pdfimages is an open source command-line utility for extracting images from PDF files. It is freely available as part of poppler-utils and xpdf-utils, and included by default with many Linux distributions.
$ pdfimages file.pdf foo
This usage produces a series of numbered images with "foo" as the prefix.
pdfimages originates from xpdf. But Poppler (which is derived from xpdf) also includes an implementation of pdfimages.
* [http://cgit.freedesktop.org/poppler/poppler/tree/utils pdfimages and related files] in the poppler source code repository
* List of PDF sof...
@EinsteinsGrandson Should be cross-platform, but you might have to compile it yourself. If you're on Windows, it's simpler to skip it and try ImageMagick. Lower quality though, since it has to convert the images rather than just extracting them.
@EinsteinsGrandson ImageMagick will work by rendering the PDF and converting that to raster. That's basically like viewing the PDF and taking a screenshot. pdfimages will actually extract the images that are stored in the PDF, at their original resolution.
Description: An exception occurred while processing your request. Additionally, another exception occurred while executing the custom error page for the first exception. The request has been terminated.
The request was the first against the wall when the revolution came
This question was originally entitled:
collect a range of ZFS-related information (zfs get all for all found file systems, and so on)
Scripting help please
I'd like to take output from two commands –
… and for each found pool:
zpool get all nameofpool
… and for eac...
I am looking for installing a git server to share projects with my team. I don't want to create a user account on the server with SSH access for each developer that needs a git access.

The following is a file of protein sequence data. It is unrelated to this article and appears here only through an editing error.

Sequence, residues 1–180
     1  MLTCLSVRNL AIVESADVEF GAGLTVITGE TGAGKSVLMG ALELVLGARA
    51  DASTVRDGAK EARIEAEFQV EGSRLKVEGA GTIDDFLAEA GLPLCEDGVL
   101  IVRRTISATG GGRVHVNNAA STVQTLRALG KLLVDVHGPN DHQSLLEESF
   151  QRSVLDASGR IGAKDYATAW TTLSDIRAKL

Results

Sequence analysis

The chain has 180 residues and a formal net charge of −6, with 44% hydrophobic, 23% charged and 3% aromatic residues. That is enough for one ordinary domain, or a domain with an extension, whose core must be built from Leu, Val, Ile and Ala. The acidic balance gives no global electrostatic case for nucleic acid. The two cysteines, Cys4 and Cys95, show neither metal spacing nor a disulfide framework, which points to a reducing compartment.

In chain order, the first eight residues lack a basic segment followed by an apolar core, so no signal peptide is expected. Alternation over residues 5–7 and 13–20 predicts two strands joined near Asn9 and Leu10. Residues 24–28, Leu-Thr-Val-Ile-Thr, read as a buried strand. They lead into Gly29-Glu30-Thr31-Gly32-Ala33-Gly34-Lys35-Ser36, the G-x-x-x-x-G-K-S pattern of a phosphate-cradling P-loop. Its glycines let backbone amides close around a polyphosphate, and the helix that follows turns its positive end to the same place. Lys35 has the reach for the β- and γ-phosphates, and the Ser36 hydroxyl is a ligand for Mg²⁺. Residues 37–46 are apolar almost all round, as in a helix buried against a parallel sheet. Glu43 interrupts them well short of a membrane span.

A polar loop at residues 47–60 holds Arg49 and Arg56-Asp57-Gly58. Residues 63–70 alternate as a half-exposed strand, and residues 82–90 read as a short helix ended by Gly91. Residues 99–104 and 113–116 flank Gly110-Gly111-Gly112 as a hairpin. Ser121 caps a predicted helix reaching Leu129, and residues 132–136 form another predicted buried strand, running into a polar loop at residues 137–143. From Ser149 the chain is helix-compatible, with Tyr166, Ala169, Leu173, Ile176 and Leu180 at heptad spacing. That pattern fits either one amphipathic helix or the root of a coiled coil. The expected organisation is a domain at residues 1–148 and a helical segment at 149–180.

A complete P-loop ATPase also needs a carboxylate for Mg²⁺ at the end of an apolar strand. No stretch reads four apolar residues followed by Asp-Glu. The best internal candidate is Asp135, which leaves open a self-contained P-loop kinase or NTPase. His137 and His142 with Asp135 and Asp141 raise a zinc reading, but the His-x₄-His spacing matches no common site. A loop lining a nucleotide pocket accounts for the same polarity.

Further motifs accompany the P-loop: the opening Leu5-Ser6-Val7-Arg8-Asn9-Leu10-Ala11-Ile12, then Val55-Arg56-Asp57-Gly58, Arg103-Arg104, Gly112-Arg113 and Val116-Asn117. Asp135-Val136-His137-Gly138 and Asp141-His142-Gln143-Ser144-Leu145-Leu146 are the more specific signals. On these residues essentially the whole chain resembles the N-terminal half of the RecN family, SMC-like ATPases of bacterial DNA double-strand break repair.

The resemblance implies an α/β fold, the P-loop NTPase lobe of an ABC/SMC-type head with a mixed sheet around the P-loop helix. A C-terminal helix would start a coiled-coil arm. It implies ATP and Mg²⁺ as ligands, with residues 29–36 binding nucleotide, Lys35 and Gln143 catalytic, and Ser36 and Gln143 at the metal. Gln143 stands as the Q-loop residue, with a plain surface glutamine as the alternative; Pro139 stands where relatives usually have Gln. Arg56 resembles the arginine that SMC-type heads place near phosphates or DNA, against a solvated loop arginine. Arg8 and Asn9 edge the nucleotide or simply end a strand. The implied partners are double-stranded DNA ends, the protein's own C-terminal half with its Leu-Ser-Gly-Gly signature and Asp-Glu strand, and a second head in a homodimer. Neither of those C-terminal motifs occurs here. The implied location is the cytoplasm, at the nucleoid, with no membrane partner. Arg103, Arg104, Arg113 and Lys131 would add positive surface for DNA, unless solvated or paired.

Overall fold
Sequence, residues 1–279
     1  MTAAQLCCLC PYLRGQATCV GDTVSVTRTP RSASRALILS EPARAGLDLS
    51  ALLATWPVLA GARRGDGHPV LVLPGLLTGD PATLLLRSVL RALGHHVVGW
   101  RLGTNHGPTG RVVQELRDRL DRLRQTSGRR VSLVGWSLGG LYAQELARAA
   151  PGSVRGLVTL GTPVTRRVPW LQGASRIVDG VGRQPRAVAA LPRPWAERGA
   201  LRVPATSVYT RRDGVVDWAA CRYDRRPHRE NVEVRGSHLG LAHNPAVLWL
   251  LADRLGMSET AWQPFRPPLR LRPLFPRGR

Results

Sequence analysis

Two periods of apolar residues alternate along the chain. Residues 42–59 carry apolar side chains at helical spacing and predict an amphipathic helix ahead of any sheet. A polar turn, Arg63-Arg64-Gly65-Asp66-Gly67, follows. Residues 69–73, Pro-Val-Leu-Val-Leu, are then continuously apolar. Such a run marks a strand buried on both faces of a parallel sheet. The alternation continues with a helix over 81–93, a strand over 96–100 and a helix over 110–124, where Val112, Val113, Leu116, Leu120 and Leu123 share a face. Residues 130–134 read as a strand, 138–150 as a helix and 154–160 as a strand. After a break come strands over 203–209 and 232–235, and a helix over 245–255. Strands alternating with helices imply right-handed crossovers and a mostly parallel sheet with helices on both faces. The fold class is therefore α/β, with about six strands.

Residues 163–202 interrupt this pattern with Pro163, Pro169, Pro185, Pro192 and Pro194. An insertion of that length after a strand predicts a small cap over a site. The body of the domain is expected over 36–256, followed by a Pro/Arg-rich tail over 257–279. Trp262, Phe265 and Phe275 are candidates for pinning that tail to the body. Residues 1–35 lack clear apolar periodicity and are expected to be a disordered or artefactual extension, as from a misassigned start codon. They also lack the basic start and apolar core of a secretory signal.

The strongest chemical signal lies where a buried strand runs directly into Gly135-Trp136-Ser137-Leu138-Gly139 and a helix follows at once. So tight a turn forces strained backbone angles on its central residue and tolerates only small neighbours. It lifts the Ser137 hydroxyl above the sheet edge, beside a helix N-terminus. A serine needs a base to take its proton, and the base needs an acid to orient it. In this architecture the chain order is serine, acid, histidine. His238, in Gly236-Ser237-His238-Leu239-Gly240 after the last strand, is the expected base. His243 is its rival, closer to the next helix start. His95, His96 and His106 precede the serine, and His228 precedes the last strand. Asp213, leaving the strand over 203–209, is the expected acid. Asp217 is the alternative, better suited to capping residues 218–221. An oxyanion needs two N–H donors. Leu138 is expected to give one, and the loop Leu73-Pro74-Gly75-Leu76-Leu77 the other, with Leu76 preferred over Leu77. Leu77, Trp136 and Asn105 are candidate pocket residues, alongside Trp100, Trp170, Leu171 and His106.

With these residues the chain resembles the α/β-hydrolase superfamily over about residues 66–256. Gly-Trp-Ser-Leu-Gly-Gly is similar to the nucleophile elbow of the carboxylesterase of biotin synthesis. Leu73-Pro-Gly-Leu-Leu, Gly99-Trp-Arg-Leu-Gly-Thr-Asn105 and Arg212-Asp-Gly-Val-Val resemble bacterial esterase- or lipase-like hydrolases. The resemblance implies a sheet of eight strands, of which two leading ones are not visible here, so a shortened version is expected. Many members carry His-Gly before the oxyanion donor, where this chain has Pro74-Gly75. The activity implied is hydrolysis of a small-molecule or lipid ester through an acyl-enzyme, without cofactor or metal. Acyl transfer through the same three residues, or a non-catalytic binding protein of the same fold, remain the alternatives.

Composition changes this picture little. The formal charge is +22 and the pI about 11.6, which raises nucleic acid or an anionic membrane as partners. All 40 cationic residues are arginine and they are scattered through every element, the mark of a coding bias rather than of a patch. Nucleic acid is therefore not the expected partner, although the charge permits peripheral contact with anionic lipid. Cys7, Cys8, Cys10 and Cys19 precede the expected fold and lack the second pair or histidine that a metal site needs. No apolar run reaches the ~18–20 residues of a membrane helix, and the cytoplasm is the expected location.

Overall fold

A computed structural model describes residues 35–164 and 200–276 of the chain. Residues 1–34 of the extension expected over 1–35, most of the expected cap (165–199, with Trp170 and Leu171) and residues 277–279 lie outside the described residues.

It seems there is two concurrent solutions that cover this issue : gitosis & gitolite.
I could not find any...
As I told you this is not what you are looking for, and AFAIK there is no solution for single extension yet. If someone would know will come and help you. I'm also curious to see it if its possible. The best way to sync the extension manually make a bookmarked folder and just put the bookmark of your favorite extensions their. — avirkJan 9 at 16:22
Is not that easy than edit the dll file all the time.
Why don't you edit the files once and copy the whole extension folder per FTP, USB Stick, Dropbox or whatever over to every PC and laptop? Are there more than your 2 laptops and 2 PCs from the question? The .DLL is a file which you have to copy into that extension folder. After that you have to edit 2 files. Thats it in theory. — nixdaJan 9 at 22:51
I use chrome across about 4 different workstations (2 laptops, 2 desktops) and I have my plugins / extensions synced across all of these.
The problem I have is that one of the plugins (Gestures for Chrome) works great if you've got an actual mouse, but on a trackpad on Ubuntu, it just gets in th...
it's basically because they like to give out resources "in proportion" to make it easier to manage -- they give you 25% of a machine, and that includes 25% of its RAM, 25% of its cores, 25% of its disk, etc.